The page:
The Virginia attorney general is now leading a cadre of 16 AGs from across the country aiming to strike down what he says is “an illegal effort” to have an elite high school’s enrollment mirror the racial composition of the region.
Jason S. Miyares’ brief, joined in by 15 other AGs, asks the U.S. Supreme Court to vacate an appeals court ruling that reinstated a new admissions policy at Thomas Jefferson High School for Science and Technology in Fairfax County. The admissions policy, which replaced a purely merit-based one, eliminates standardized tests and takes into account such things as an applicant’s socioeconomic background.
Opponents of the policy say it will effectively reduce the number of Asian American students at Thomas Jefferson. Indeed, Asian American representation at the school – historically considered one of the best in the nation – decreased from 73% of the student body to 54% in the first year of the policy.
U.S. District Judge Claude Hilton had ruled in February that the admissions policy equated to illegal “racial balancing.” He issued an injunction to halt the policy immediately, but that ruling was set aside and the policy reinstated last month by a three-judge Fourth Circuit Court of Appeals panel.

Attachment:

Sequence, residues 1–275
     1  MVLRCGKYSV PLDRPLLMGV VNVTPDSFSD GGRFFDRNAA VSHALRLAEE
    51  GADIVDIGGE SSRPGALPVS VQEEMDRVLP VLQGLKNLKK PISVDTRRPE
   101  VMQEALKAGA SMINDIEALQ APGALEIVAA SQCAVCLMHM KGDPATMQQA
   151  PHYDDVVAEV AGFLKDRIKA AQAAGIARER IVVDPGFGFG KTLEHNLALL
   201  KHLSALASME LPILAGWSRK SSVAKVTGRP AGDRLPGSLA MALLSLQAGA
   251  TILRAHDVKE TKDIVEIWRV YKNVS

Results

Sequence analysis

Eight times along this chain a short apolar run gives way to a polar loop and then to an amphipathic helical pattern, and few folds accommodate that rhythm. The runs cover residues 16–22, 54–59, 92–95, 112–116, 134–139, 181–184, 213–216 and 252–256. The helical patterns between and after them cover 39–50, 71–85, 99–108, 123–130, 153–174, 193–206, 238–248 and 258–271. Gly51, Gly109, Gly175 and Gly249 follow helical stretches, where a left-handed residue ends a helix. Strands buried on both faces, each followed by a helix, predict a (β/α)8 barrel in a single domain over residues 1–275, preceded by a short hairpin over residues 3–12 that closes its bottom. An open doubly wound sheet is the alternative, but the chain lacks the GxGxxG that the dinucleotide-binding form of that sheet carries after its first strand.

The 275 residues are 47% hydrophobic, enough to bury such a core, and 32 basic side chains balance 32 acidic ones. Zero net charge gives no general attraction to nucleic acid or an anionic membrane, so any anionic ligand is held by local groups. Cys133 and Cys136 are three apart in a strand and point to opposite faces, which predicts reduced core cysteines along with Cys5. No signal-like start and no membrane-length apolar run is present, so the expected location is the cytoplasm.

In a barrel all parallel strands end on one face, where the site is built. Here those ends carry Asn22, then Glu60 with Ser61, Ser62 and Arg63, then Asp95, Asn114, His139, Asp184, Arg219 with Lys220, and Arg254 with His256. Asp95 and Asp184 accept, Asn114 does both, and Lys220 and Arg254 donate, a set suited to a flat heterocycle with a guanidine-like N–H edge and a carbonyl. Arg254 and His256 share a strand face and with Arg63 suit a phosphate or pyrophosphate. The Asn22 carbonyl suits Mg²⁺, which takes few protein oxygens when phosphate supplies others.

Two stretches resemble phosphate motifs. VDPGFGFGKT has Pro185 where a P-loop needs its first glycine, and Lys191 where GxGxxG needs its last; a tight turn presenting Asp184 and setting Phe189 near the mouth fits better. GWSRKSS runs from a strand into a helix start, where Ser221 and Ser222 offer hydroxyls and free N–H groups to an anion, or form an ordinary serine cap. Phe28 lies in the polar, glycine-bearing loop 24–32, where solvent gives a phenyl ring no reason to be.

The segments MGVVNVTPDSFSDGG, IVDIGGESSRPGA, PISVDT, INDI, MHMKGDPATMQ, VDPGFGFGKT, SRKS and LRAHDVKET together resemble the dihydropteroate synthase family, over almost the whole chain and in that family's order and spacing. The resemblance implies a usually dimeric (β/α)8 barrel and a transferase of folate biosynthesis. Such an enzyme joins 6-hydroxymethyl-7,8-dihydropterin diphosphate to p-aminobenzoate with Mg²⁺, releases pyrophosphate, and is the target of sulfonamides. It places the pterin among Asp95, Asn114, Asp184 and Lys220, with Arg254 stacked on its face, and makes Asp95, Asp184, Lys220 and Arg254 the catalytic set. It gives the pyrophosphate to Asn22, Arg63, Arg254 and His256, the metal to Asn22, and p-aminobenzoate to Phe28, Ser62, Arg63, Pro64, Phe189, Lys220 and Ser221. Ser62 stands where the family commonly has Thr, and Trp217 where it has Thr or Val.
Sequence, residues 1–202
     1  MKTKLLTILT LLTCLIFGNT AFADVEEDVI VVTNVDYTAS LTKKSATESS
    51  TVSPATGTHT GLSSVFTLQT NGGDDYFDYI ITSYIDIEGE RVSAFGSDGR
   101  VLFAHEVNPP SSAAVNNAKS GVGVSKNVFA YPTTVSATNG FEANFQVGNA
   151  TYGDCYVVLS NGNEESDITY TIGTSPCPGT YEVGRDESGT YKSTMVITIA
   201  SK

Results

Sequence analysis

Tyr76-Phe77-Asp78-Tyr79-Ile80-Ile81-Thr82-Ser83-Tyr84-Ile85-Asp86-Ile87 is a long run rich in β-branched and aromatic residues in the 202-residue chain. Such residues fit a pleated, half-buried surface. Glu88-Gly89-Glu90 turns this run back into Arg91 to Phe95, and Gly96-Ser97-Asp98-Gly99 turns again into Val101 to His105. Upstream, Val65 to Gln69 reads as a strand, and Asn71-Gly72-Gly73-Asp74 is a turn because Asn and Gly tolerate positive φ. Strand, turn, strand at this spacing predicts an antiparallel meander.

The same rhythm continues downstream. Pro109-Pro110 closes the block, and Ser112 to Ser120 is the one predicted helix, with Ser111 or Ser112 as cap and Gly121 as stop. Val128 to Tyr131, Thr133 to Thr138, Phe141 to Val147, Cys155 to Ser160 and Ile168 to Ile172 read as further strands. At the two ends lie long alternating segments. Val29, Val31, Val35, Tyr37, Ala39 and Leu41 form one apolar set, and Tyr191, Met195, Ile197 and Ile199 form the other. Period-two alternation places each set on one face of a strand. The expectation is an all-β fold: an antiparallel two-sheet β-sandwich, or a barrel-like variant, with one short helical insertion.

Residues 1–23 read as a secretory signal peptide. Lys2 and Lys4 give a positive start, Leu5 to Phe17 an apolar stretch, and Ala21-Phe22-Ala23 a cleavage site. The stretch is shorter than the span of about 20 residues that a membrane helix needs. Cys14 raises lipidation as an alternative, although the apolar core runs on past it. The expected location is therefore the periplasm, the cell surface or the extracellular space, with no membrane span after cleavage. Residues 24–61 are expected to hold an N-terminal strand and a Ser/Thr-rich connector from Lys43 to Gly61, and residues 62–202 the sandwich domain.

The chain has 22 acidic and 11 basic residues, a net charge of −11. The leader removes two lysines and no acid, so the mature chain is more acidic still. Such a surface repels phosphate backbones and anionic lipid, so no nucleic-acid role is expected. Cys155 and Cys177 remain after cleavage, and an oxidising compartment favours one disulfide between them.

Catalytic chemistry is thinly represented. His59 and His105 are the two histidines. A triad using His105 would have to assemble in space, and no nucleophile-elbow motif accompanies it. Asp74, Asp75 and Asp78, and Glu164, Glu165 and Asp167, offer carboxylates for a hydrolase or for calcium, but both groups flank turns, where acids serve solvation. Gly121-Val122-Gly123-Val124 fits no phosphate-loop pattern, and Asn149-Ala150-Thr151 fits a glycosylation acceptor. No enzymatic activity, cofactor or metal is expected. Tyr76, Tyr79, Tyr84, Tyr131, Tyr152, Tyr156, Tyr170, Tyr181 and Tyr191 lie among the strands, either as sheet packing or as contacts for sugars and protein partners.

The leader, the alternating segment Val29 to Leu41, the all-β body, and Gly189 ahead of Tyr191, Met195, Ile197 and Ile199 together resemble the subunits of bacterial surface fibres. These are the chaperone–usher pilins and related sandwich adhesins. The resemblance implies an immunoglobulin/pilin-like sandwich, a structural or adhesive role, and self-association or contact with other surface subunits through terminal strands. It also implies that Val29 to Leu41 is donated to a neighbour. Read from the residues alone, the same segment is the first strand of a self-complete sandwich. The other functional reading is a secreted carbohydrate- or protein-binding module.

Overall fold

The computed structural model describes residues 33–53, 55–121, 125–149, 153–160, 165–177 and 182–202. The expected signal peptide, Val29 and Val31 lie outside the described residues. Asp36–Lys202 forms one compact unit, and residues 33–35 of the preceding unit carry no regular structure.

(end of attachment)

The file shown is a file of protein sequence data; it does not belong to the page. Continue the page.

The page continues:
Miyares’ amicus brief – filed on behalf of a group of community members, parents, and alumni, dubbed the “Coalition for TJ” – asks the Supreme Court to lift the appellate order and block the controversial new admissions policy.
Attorneys general joining Virginia in the request are from: Alabama, Arizona, Arkansas, Georgia, Kansas, Kentucky, Louisiana, Missouri, Montana, Nebraska, Oklahoma, South Carolina, Texas, Utah, and West Virginia.
In a press release, Miyares calls the new admissions system “state-sanctioned bigotry.”
“Right now, there are innocent Virginians unfairly treated and punished, not for anything they’ve done but because of who they are,” he said in the statement.
In its response to Miyares’ brief, the school district argues its admissions policy is “race-neutral,” despite its disproportionate effect on Asian American students. The school board also argues that a change in the school’s admissions process at this time of year “would be convulsive,” with admissions due at the end of the month.
But parents from the Coalition for TJ say the Fourth Circuit Court made a “grave error” by allowing the school to continue its new admissions process.
Asra Nomani, mother of a 2021 graduate and co-founder of the coalition, told NBC News, “Every American should be offended and outraged by the arrogance of the Fairfax County School Board in insisting on clinging to its state-sponsored racism and discrimination.”